A grazing dairy cow can burp up to 600 grams of methane per day. As a greenhouse gas, methane is about 25 times more powerful than carbon dioxide and methane emissions from cows constitute about 65% of the total dairy farm greenhouse gas emissions. Australian dairy farmers are to be congratulated for achieving 28% reduction in methane emissions per litre of milk in 2010 compared to 1980. However, a further reduction of methane emissions is required.
Carbon Farming Initiative
The Australian government’s Department of Climate Change and Energy Efficiency and Dairy Australia are setting the Carbon Farming Initiative to provide incentives for dairy farmers to reduce emissions from their milking cows. Emissions will be reduced by changing the cows' diet. Research team from the Victorian Department of Primary Industries and the University of Melbourne explored dietary interventions, demonstrating that feeds containing tannins or high levels of oil reduce methane production from livestock. The research focused on providing dairy farmers with an option for reducing greenhouse gas emissions from milking cows through feeding dietary additives.
The proposed methodology alters the activity of the gut’s methane-producing microorganisms, reducing the amount of methane belched by cattle from their digestive system.
The organisms in the fore-stomach of sheep and cattle produce methane – called enteric methane – from the hydrogen and carbon dioxide that result from microbial digestion of cows' food.
Strategies for reducing enteric methane include breeding for lower methane-producing animals, microbial interventions, and nutrition and animal management. Most of these are being researched at the Department of Agriculture, Fisheries and Forestry, through the National Livestock Methane Program. Over the next few years a number of these strategies will be developed into new Carbon Farming Initiative methods to reduce enteric methane.
Methane reduction can be realised by:
• Reducing fibre digestion
• Lowering total feed intake (although undesirable, and only occurs when total dietary fat exceeds 6% to 7% of total intake)
• Suppressing the micro-organisms that make methane and suppressing rumen protozoa, on which those organisms depend.
• Tannins, by directly suppressing methane-making micro-organisms.
• Different dietary oils, by-products from other agricultural processes.
The by-products studied included whole cotton seed, cold-pressed canola meal, hominy meal and brewers grains. They can theoretically be sourced as by-products of biofuel production. At the same time, the additional energy supplied with these by-products can increase milk production. It could be interesting for commercial application, but the profitability depends on the comparative price of conventional grain feeding.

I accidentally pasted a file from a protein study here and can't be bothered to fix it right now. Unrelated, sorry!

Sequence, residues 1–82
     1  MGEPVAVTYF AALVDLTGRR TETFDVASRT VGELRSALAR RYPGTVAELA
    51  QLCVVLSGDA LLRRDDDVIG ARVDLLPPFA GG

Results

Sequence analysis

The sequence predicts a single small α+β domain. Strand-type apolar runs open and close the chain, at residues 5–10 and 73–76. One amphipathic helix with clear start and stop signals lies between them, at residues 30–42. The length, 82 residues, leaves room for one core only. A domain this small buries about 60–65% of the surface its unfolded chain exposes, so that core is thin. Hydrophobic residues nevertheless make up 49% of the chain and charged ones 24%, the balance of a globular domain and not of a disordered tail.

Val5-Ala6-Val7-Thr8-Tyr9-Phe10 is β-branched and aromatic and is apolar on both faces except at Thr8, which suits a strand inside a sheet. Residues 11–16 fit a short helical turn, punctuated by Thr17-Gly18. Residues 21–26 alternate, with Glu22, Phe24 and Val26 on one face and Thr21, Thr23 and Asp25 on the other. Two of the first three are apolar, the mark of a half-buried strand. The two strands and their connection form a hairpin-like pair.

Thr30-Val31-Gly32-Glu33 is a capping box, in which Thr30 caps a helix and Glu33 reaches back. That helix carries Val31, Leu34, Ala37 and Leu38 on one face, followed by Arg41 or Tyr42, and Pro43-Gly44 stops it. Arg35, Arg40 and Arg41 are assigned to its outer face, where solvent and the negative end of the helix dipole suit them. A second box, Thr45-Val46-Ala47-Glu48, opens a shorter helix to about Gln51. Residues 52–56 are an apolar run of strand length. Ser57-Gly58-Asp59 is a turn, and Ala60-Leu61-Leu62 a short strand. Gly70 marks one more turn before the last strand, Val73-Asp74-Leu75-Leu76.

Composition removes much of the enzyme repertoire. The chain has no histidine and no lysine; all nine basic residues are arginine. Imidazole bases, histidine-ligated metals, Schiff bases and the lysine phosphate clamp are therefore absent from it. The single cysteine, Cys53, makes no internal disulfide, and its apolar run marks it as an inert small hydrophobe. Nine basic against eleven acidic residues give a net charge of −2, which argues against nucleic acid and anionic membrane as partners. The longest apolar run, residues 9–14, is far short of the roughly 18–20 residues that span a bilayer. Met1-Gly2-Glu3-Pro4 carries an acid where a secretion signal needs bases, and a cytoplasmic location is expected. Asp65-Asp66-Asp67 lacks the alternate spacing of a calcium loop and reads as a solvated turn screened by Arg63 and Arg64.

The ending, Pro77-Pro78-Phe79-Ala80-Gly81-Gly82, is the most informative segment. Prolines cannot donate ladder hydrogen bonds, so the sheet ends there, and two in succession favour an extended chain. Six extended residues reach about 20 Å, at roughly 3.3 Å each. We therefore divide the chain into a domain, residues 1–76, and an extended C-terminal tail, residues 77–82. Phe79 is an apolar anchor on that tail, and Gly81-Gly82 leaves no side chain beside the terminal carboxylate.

Tannin and oils as feed additives
The research team then asked – if tannin and oils were added to the diet, would this have an additive effect on inhibiting methane production? However, when added to the diet as pure extracts, tannins and oils appeared to neutralise each other (perhaps with the tannin binding the oils making the combination ineffective). The focus shifted to potential feed additives that contain both tannin and oil, naturally occurring in one product. The obvious choice was grape marc, a by-product of wine making with a high concentration of both fat and tannins. Feeding grape marc to dairy cattle reduced methane by up to 20%.
There are limited data in the literature concerning in vivo effects of dietary fat supplementation on enteric methane emissions from lactating dairy cows. As the methodology can only be built on peer reviewed research, the team combined own findings with other literatures to demonstrate that for every 1% extra oil added to the diet of livestock, enteric methane can be reduced by 3.5%. The upper limit for dietary fats and oils in feed is 7% and the natural oils in grass range from 1% in summer to 5% in spring, so there is a window of 90 days in the summer when natural grass oils are low enough that supplementary feeding can be introduced to reduce enteric methane production.
This evidence was considered to underpin the first CFI offset methodology for livestock. Accordingly the method was released for public consultation until last week. When it’s approved – together with those already approved for destruction of methane from dairy manure ponds and removal of carbon dioxide through environmental plantings – it will give dairy farmers options to take part in the Carbon Farming Initiative. As the income from the initiative is relatively modest, these methods will be possibly adopted where they bring productivity gains or align with broader farming objectives.
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